Yerba maté is often compared to green tea due to its high antioxidant content, but don’t stop sipping on matcha just yet. The two are incredibly rich in antioxidants, but are composed of very different ones. Yerba maté’s primary antioxidant is chlorogenic acid, which is also found in the green coffee bean (the bean before it’s processed and roasted).
Chlorogenic acid is a polyphenol compound also found in foods such as pears, apples, tomatoes and potatoes. Its most notable benefit to the body is its potential to reduce blood pressure. It has also been linked to improving mood and fighting infections.
Whether you’re looking to fuel your morning routine or power through a workout, yerba maté has energizing benefits that will help elevate your day. Xanthines, another plant nutrient found in both yerba maté and coffee, contributes to the tea’s stimulant effects on energy.
Thanks to methylxanthines combined with theobromine, which can relax muscles when taken in small doses, yerba maté can enhance alertness without the jitteriness. This means more focus to live your most productive life—whether that’s crushing a Netflix series in one sitting or taking your career to new heights.
Promotes a healthy lifestyle
Yerba maté may be an effective addition to a regiment of balanced nutrition and regular fitness to sustain well-rounded health. Similar to green tea, the herbal drink has been said to boost metabolic rates to aid in weight management when combined with a healthy wellness routine.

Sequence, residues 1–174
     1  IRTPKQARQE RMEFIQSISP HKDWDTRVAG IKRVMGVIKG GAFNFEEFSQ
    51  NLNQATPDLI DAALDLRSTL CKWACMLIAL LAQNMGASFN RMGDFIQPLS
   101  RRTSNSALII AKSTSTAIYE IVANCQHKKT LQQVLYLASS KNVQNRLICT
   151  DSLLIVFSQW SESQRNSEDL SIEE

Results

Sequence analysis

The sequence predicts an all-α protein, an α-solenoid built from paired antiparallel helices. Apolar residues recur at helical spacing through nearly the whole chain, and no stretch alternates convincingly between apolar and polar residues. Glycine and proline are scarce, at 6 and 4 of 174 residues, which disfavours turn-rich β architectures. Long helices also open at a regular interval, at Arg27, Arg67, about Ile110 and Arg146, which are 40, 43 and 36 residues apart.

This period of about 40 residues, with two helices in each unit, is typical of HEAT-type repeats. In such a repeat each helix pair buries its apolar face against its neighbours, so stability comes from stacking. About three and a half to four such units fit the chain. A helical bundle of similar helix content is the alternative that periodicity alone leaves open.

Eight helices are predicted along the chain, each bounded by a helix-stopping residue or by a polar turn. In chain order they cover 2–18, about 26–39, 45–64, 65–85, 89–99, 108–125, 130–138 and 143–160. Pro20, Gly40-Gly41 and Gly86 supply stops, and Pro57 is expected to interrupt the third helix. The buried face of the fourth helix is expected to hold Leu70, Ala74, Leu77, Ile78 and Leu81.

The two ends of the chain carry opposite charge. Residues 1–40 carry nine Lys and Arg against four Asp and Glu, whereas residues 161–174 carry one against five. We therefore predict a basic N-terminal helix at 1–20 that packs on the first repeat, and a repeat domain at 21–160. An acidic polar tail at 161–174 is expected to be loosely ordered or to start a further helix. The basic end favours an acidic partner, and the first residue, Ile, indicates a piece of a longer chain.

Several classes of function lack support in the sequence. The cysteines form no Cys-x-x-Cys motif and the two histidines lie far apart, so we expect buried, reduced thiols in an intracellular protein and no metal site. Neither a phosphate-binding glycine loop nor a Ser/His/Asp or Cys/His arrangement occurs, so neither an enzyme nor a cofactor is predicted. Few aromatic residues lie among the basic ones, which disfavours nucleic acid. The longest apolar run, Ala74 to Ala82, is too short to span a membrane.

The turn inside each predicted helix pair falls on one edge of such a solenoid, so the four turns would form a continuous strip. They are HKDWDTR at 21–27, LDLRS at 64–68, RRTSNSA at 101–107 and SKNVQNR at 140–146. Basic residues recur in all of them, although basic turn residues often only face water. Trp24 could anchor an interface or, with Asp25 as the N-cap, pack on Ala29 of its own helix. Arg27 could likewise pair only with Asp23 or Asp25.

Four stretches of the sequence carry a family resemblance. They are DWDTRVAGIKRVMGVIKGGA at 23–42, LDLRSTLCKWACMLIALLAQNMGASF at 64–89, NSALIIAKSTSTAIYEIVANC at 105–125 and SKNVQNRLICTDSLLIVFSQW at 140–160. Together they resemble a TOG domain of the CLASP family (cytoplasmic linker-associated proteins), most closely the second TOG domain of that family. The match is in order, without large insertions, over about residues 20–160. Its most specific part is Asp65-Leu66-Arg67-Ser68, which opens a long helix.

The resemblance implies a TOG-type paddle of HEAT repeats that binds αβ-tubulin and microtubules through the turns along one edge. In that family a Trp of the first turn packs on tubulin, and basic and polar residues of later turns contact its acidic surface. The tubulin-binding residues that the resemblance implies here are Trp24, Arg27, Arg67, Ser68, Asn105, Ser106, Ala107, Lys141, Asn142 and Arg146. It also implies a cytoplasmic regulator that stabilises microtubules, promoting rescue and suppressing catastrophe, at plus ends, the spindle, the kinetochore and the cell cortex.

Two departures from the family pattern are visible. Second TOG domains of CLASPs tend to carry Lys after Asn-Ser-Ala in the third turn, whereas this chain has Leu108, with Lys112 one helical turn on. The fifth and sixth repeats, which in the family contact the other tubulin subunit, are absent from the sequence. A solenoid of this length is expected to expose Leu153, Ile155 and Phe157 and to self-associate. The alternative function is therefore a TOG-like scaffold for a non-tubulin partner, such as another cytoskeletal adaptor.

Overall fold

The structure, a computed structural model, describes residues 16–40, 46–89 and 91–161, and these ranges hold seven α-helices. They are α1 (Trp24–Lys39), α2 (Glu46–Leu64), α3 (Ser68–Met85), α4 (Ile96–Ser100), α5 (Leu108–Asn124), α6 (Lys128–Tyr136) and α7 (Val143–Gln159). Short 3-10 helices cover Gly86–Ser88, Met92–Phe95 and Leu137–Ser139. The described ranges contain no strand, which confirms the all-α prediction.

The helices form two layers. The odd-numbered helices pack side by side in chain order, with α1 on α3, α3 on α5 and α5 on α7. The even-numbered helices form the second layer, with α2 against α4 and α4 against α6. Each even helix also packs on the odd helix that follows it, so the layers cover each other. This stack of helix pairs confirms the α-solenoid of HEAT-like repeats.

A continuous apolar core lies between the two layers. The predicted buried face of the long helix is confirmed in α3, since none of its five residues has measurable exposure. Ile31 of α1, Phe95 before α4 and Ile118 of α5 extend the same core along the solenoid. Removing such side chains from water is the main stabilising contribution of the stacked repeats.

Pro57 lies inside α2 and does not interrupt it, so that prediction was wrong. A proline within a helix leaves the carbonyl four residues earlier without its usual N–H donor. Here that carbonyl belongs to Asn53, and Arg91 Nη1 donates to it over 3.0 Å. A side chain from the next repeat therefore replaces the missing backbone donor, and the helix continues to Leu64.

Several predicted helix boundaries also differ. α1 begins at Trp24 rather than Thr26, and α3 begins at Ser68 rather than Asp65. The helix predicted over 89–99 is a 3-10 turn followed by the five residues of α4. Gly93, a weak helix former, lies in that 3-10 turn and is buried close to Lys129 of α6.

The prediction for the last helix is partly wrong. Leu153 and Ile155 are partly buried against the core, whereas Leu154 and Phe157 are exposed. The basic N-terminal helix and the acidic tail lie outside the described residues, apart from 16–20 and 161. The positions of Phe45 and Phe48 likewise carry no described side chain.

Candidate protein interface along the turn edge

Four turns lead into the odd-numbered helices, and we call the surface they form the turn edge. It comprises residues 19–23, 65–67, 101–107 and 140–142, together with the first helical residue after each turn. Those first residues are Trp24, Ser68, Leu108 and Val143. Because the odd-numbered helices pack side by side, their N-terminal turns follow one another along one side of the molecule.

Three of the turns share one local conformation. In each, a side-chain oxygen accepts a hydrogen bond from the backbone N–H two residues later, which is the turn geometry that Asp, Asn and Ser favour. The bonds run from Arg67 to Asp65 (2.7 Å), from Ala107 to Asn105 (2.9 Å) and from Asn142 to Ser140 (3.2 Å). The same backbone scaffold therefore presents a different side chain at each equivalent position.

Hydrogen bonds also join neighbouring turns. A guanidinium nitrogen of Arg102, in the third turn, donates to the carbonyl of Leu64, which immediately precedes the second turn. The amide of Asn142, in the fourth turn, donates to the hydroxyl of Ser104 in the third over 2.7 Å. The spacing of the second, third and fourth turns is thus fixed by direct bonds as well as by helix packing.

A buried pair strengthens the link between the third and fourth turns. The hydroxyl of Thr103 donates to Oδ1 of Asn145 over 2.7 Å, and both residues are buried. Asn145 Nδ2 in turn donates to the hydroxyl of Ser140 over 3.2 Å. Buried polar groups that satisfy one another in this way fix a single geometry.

A cup of yerba a day keeps the…heart disease away? Packed with antioxidant compounds, including caffeoyl derivative and the polyphenols mentioned earlier, the drink may help protect your heart against disease. Studies have indicated that those who regularly consumed yerba maté over the course of 40 days were able to reduce bad LDL cholesterol by as much as 13.1%.
When cold and flu season hits, you’re going to want to use all the tools at your disposal to strengthen your immune system. Yerba maté may help. The tea’s anti-inflammatory properties, which stem from the natural compound saponin, as well as doses of vitamin C, vitamin E, selenium and zinc, can potentially help with decongestion and toughen up your immunity. While the tea isn’t a cure for the harshest of cold- and flu-related battles, it can be a useful addition to your regular antibiotics and over-the-counter medications.